Keep in mind, the team should have more motivation to cash in prospect chips in the winter, when the Blue Jay’s Marcus Stroman, Tigers’ Michael Fulmber and others might be more available. The Braves could be better served re-evaluating their options in a few months.

There’s reported interest in the Rangers’ Adrian Beltre, who’d give the Braves a right-handed bat at third base and a veteran presence. Beltre must accept or reject any trade, and reports late Monday indicated he’d favor several AL contenders over the Braves.

At 39 years old with an expiring contract, Beltre presumably wouldn’t come at a high cost. But a deal with the Rangers appears unlikely at the moment.

Speaking of the Rangers, Jake Diekman and/or Keone Kela would be a boost to the bullpen. They could carry heavier price tags, similar to San Diego’s group of relievers (Kirby Yates, Craig Stammen). 

Yates, in particular, is interesting. Despite being 31, he’s controllable for two more seasons and among the best relievers in the NL. But San Diego hopes to win sooner rather than later, and moving him wouldn’t be conducive to that.

Washington is reportedly entertaining offers on its relievers despite intentions of competing. Kelvin Herrera, Shawn Kelley or Ryan Madson would be a boost to the Braves bullpen if the teams could find middle ground (unlikely).

The Braves aren’t moving treasured pieces (i.e. a young starter) for relief help, reported Ken Rosenthal of The Athletic. That works in conjunction with a prevailing thought throughout the industry: The Braves want upgrades, but not desperately enough to win pricey bidding wars.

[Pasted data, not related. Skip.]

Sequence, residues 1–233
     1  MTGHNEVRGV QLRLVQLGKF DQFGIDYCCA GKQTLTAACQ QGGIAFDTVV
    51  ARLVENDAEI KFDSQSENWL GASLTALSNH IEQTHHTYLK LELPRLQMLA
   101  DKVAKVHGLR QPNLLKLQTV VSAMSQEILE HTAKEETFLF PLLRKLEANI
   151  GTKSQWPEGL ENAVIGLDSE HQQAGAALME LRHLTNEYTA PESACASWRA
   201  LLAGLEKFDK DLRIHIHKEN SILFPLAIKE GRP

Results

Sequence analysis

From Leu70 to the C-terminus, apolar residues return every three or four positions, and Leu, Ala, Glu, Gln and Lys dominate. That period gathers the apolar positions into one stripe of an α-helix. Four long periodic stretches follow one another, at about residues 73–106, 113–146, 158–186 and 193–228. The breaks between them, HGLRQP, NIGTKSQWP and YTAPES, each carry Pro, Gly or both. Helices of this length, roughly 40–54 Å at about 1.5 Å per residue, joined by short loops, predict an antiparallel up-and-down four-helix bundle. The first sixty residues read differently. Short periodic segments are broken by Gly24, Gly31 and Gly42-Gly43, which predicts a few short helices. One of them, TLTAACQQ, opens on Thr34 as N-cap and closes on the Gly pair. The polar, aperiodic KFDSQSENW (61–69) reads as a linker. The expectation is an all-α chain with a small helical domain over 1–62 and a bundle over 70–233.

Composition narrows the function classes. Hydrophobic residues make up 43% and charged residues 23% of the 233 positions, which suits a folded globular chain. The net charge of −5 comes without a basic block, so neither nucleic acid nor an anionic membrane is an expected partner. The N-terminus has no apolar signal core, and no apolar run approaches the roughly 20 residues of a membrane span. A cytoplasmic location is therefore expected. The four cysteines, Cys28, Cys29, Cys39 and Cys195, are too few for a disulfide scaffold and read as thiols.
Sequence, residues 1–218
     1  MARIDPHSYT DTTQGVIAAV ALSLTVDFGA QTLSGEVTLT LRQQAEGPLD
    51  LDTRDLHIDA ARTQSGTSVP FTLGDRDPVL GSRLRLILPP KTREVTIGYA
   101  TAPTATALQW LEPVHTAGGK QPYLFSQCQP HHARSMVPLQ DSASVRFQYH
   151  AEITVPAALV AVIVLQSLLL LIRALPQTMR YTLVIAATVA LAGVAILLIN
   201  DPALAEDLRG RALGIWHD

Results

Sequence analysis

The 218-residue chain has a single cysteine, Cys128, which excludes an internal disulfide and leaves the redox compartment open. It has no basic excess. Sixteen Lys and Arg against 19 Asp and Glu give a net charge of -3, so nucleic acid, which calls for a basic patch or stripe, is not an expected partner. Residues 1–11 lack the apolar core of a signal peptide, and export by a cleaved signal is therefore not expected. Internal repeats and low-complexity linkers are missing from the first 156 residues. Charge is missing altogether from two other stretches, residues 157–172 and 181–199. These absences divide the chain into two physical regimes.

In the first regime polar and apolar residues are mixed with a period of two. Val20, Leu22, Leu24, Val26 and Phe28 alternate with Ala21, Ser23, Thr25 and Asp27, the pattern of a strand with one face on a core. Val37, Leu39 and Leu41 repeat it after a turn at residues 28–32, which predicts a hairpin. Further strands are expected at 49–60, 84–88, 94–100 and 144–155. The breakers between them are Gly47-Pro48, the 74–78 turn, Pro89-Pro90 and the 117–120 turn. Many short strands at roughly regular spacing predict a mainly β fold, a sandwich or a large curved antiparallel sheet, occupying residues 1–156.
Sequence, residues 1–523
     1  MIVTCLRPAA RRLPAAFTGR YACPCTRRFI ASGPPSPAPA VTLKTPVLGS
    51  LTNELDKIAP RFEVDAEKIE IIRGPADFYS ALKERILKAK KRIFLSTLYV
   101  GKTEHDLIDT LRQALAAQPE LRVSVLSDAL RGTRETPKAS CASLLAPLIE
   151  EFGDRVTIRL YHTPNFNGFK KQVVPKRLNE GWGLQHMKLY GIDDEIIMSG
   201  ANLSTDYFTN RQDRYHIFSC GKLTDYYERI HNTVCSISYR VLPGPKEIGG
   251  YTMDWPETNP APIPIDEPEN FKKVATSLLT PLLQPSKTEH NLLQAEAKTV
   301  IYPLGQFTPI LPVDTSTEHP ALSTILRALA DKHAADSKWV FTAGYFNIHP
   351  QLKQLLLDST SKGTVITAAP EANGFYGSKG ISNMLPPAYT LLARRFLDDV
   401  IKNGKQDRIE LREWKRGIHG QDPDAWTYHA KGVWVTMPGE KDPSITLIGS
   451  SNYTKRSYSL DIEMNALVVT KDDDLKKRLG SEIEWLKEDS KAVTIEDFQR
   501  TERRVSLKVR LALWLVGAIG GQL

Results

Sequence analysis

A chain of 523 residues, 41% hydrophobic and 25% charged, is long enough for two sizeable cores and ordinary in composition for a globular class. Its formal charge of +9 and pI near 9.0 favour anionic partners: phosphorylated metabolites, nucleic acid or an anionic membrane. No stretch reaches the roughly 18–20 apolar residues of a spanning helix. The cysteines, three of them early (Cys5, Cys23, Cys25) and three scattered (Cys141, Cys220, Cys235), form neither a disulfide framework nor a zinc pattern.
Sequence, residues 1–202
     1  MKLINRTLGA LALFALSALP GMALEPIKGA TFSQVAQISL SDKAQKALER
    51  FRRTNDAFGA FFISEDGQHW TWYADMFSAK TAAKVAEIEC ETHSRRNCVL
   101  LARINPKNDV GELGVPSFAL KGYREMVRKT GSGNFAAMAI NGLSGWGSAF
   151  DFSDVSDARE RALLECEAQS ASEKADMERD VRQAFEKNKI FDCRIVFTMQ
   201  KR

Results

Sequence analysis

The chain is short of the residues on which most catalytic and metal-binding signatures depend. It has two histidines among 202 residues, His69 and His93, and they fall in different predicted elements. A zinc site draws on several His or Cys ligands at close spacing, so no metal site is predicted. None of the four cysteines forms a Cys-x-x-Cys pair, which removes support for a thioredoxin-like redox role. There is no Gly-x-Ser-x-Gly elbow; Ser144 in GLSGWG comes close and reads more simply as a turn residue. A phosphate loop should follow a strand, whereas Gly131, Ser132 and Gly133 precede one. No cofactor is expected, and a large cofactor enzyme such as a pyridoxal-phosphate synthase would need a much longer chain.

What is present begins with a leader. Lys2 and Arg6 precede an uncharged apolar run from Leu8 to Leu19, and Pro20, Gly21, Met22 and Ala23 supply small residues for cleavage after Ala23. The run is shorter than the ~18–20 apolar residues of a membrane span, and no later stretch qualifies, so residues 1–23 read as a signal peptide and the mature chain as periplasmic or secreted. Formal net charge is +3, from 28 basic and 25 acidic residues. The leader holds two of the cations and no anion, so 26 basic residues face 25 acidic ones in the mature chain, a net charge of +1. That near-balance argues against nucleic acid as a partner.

At least not yet.

Venters and Brach were the perfect additions cost-wise. They were acquired for international signing slots, of no use to the penalized Braves anyway, and provide average upside.

The Braves need bench help, but there might be limited options. The current bench consists of Michael Reed, Ryan Flaherty, Charlie Culberson and whomever isn’t catching. 

Anthopoulos is building the Braves in a similar image as the Dodgers, his former employer who took three of four at SunTrust Park over the weekend. When one player goes down, another is more than capable of filling in.

Culberson’s been just that, but the group could use another piece of his stature. Flaherty has played sparingly since his hot April, as has Preston Tucker, who’s now in Triple-A. 

The Mets traded Asdrubal Cabrera to the Phillies, one name who made sense on paper. The Marlins’ versatile Derek Dietrich could be a fit, though he wouldn’t help the team’s defense.

In all, there are several needs and no clear matches. The Braves are primed for a potentially big winter. They could enter 2019 as the NL East favorites. They just don’t have to press now.

The reality is, the sense of urgency shouldn’t be high. If they can acquire a controllable player for what they deem a reasonable price, like any other team, they’d jump on it. Otherwise they may be forced to settle for moderate improvements.

Either way, answers are coming in the next day.